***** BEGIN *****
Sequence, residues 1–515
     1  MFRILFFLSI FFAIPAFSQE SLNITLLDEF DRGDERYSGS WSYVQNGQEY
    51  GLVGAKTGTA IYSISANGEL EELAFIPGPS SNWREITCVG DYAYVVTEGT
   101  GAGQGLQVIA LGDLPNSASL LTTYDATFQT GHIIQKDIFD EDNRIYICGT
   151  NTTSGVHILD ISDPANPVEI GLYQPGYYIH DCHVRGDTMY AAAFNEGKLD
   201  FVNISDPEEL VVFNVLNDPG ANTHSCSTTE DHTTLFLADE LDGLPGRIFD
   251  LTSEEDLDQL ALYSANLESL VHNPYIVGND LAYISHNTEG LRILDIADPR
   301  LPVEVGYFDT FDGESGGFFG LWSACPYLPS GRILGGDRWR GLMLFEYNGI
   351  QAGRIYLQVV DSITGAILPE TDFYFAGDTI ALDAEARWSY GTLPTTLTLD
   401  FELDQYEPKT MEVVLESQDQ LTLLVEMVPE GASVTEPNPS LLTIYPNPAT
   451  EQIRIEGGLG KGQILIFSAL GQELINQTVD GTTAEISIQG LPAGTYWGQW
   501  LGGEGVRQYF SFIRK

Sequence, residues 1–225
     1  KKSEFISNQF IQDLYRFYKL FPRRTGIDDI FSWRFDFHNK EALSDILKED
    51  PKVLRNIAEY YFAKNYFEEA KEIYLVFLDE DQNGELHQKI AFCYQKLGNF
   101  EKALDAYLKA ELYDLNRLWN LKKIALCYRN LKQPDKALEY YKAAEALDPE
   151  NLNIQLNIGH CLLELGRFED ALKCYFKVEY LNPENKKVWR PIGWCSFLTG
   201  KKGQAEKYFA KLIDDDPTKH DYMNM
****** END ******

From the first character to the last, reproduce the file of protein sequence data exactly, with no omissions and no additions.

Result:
Sequence, residues 1–515
     1  MFRILFFLSI FFAIPAFSQE SLNITLLDEF DRGDERYSGS WSYVQNGQEY
    51  GLVGAKTGTA IYSISANGEL EELAFIPGPS SNWREITCVG DYAYVVTEGT
   101  GAGQGLQVIA LGDLPNSASL LTTYDATFQT GHIIQKDIFD EDNRIYICGT
   151  NTTSGVHILD ISDPANPVEI GLYQPGYYIH DCHVRGDTMY AAAFNEGKLD
   201  FVNISDPEEL VVFNVLNDPG ANTHSCSTTE DHTTLFLADE LDGLPGRIFD
   251  LTSEEDLDQL ALYSANLESL VHNPYIVGND LAYISHNTEG LRILDIADPR
   301  LPVEVGYFDT FDGESGGFFG LWSACPYLPS GRILGGDRWR GLMLFEYNGI
   351  QAGRIYLQVV DSITGAILPE TDFYFAGDTI ALDAEARWSY GTLPTTLTLD
   401  FELDQYEPKT MEVVLESQDQ LTLLVEMVPE GASVTEPNPS LLTIYPNPAT
   451  EQIRIEGGLG KGQILIFSAL GQELINQTVD GTTAEISIQG LPAGTYWGQW
   501  LGGEGVRQYF SFIRK

Sequence, residues 1–225
     1  KKSEFISNQF IQDLYRFYKL FPRRTGIDDI FSWRFDFHNK EALSDILKED
    51  PKVLRNIAEY YFAKNYFEEA KEIYLVFLDE DQNGELHQKI AFCYQKLGNF
   101  EKALDAYLKA ELYDLNRLWN LKKIALCYRN LKQPDKALEY YKAAEALDPE
   151  NLNIQLNIGH CLLELGRFED ALKCYFKVEY LNPENKKVWR PIGWCSFLTG
   201  KKGQAEKYFA KLIDDDPTKH DYMNM